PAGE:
Vegan Soylent Green

Roasted Edamame. photo by Ryan Tatsumoto

I still can recall watching the original “Soylent Green” at Kailua Drive-In with my family back in the early ‘70s, featuring Charlton Heston as the lead character, Det. Robert Thorn. The film was set in 2022, when the greenhouse effect has resulted in worldwide pollution, depletion of natural resources, poverty and overpopulation. Because of severe worldwide shortages of housing, water and food, the masses consume highly processed food wafers created from the Soylent Corporation in the form of Soylent Red, Soylent Yellow and the latest food wafer, Soylent Green, supposedly made from plankton. Thorn eventually discovers that Soylent Green is actually made from processed human bodies. Though global warming is still a reality, thankfully Soylent Green hasn’t materialized, or has it?

The Current Soylent Green
The vegan form of Soylent Green has actually been on the market almost as long as “Soylent Green” has been available in Betamax, VHS and DVD, though it goes by its alternate name, edamame. Those flavorful green nuggets are the perfect snack as is, tossed in salads or blitzed in food processors. Because edamame are usually parboiled before freezing, they simply cook by microwaving for three to four minutes. You can also consume them by thawing the frozen pods or beans, but a couple minutes in the microwave helps make the beans more digestible.

Simply squeezing salted pods and having the beans jettison into your mouth is the simplest form of consumption, but I also enjoy the messier version, tossing the pods in a flavorful sauce before eating. It’s messy, but just think of it as consuming vegan chicken wings…

Garlic Shoyu Edamame

Garlic Shoyu Edamame. photo by Ryan Tatsumoto

1/4 cup water
5 cloves garlic, minced
1 lb package edamame in the pod
1/4 cup lower sodium shoyu
2 tbsp light brown sugar
1 tbsp rice wine vinegar
1 tbsp ginger oil or juice
3 tbsp furikake

Bring water to a boil in a saucepan over medium high heat. Stir in edamame and garlic and cook until the garlic softens and edamame is heated and liquid has nearly evaporated, about three minutes.
Reduce heat to medium and stir in shoyu, brown sugar, rice wine vinegar and ginger oil. Stir constantly until sauce has thickened and coats the edamame, about five minutes. Sprinkle with furikake and serve.

I love crunching on crispy oven roasted garbanzo beans. I also love those Marukai fried peas.

Both make great snacks while sipping sake. Well, you can also make chewy snacks with edamame.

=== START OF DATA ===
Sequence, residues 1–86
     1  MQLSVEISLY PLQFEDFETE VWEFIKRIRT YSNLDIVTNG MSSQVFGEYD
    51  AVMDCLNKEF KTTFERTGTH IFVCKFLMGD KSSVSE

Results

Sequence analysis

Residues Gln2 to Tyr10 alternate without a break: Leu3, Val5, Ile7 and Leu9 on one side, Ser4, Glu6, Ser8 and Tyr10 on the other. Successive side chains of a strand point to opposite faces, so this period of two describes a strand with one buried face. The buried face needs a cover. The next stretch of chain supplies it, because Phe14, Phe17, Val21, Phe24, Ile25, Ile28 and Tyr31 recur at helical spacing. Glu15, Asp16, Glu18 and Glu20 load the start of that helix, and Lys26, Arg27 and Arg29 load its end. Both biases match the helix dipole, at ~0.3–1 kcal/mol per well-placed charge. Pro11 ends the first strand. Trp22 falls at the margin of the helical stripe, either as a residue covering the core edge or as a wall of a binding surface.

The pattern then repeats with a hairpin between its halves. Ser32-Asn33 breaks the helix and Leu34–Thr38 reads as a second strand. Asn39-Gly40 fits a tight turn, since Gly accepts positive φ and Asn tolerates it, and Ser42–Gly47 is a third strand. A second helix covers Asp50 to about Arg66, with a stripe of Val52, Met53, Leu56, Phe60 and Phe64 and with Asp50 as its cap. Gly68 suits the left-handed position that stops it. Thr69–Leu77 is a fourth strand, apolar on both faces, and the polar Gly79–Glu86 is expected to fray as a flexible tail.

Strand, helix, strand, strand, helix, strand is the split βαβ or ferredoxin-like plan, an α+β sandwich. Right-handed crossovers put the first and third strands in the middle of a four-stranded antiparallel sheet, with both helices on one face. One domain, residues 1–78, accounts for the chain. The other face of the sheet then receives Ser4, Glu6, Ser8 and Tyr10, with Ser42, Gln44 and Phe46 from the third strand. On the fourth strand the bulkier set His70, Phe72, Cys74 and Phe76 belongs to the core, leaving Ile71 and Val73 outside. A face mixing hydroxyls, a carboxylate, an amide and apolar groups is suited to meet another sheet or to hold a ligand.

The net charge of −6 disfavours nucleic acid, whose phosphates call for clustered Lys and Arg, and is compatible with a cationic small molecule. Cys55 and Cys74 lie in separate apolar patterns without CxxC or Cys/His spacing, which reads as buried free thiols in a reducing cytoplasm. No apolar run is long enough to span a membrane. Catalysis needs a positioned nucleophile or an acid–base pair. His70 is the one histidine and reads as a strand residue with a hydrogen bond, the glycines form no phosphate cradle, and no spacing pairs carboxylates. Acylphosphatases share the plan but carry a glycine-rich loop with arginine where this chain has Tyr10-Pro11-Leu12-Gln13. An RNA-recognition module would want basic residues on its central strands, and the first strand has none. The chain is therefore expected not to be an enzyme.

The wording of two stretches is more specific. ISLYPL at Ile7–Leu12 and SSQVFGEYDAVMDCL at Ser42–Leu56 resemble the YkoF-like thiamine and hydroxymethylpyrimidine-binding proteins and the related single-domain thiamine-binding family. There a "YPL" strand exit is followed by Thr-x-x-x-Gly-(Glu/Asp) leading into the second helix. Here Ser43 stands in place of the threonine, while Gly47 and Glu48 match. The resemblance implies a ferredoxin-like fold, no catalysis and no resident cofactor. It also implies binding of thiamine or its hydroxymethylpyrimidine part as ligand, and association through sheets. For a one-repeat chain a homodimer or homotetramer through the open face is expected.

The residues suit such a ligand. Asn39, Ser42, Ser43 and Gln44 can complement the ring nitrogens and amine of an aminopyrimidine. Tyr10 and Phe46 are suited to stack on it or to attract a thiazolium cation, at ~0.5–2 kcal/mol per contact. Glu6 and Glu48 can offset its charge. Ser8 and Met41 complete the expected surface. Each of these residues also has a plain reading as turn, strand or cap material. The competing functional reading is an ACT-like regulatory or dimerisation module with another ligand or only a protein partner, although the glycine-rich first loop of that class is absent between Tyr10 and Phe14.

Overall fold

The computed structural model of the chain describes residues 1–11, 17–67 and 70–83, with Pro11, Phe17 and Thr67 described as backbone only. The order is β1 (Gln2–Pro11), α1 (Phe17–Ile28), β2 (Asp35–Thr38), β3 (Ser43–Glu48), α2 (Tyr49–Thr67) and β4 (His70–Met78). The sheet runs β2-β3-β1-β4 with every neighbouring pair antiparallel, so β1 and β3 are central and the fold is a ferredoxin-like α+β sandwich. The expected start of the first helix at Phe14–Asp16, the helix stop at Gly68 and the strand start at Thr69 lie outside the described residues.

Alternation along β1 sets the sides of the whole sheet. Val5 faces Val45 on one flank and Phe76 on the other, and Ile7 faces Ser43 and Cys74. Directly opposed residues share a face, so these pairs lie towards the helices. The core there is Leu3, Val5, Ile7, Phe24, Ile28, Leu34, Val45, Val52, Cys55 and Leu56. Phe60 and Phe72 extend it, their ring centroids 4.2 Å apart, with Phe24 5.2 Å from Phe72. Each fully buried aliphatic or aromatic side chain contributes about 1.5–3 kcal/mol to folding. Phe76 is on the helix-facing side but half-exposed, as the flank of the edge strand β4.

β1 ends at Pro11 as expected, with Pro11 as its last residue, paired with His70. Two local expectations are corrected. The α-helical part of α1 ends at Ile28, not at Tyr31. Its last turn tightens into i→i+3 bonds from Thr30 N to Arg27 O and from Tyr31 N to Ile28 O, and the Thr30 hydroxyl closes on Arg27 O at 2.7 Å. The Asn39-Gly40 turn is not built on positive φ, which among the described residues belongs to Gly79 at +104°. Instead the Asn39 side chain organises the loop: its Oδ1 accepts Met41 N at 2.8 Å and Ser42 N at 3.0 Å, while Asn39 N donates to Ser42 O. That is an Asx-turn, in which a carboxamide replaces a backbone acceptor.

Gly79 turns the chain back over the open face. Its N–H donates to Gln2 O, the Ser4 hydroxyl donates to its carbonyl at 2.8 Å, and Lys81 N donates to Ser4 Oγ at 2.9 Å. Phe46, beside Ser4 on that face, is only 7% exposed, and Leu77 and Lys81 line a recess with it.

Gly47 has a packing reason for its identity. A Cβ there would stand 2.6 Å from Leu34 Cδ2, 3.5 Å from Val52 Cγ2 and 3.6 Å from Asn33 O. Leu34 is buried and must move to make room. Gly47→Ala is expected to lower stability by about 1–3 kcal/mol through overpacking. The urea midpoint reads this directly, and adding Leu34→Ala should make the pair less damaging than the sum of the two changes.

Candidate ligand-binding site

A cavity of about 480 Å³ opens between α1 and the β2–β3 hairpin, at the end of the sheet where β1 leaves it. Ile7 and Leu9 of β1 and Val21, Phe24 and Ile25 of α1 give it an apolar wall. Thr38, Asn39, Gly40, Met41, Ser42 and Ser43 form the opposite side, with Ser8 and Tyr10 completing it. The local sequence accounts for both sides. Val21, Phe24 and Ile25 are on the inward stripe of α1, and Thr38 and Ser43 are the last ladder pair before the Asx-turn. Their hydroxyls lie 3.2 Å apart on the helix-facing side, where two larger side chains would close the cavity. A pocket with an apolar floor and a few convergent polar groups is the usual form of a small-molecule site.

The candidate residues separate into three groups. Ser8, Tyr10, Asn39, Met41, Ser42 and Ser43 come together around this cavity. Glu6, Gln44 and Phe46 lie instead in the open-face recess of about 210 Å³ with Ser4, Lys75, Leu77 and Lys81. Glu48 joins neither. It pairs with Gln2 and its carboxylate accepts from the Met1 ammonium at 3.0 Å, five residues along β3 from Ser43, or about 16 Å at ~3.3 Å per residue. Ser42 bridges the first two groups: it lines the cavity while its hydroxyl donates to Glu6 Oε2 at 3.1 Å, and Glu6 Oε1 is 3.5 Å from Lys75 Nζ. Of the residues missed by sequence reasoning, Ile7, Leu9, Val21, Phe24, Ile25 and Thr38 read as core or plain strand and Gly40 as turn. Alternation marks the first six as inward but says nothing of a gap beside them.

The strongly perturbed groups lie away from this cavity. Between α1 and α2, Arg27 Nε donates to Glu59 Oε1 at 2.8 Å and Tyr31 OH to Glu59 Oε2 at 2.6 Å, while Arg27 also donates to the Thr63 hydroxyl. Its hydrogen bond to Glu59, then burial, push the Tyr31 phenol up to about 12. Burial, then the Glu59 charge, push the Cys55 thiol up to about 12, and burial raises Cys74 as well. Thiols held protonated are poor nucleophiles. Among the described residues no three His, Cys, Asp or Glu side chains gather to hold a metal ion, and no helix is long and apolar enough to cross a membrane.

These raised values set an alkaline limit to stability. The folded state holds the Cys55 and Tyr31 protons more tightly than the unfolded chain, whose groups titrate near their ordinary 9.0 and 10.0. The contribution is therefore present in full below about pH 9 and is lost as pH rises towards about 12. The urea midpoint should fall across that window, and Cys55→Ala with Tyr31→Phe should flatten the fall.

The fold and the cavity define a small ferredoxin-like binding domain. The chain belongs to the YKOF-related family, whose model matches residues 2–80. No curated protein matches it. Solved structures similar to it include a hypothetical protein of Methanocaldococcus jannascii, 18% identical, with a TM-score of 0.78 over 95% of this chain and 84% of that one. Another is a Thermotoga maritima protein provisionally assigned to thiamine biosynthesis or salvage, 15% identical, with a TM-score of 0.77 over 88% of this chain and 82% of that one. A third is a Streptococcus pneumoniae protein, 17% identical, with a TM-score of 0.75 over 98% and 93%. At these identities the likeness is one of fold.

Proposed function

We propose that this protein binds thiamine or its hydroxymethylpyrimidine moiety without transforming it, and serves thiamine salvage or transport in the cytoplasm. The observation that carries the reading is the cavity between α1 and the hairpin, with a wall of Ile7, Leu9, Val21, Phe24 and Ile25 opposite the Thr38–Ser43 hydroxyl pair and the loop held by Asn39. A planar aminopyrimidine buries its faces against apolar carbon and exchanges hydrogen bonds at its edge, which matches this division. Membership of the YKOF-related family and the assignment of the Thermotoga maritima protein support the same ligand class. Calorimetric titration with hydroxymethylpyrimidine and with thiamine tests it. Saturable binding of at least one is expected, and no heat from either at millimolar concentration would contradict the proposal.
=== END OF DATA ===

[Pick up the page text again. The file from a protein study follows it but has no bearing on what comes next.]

Roasted Edamame
1 tbsp olive oil
1/4 tsp dried cilantro
1/2 tsp chili powder
1/4 tsp garlic salt
1/4 tsp onion powder
1/2 tsp ground cumin
1/4 tsp smoked paprika
1/4 tsp black pepper
1 lb package shelled edamame, thawed

Preheat oven to 425°F.

In a small bowl, stir together oil, cilantro, chili powder, garlic salt, onion powder, cumin, smoked paprika and black pepper.
Drizzle mixture over edamame and toss to coat well. Arrange beans in a single layer in a shallow baking dish and roast, uncovered, for 30 minutes, stirring at 10 and 20 minutes, until edamame begins to brown.

Serve cooled as a snack.

Those shelled edamame can also be blitzed in a food processor to create a green variant of the usual hummus. Though the flavor profile in this hummus is totally Japanese, I still use the traditional sesame paste or tahini as the combination of bean protein, sesame protein and wheat protein gives you a complete protein rivaling any animal protein.

Edamame Hummus

Edamame Hummus. photo by Ryan Tatsumoto

1 lb frozen, shelled edamame
1⁄4 cup tahini
1⁄4 cup water
4 pickled garlic cloves (shiso katsuo ninniku)
Heaping tbsp each of red pickled ginger (beni shoga) and pink or sushi ginger (gari shoga)
1 tbsp miso (I use Kuze Fuku’s green onion or shiso miso)
1 tbsp shiso furikake
1 tsp white shoyu
2 to 4 tbsp oil (I use either green onion or ginger oil)

Microwave the edamame for three to four minutes.

In a food processor, puree all the ingredients until smooth. With the motor running, slowly drizzle in the oil until the desired consistency is attained.

Transfer to a small bowl and serve with rice or wheat crackers.

If these recipes haven’t piqued your interest in the vegan Soylent Green, head on over to the 12th Northern California Soy and Tofu Festival, which returns on Saturday, June 22, 2024, 11 a.m. to 5 p.m., to The Event Center at St. Mary’s Cathedral, 1111 Gough St., San Francisco

Ryan Tatsumoto is a graduate of both the University of Hawai‘i and UC San Francisco. He is a recently retired clinical pharmacist and a budding chef/recipe developer/wine taster. He writes from Kane’ohe, HI and can be reached at The views expressed in the preceding column are not necessarily those of the Nichi Bei News.

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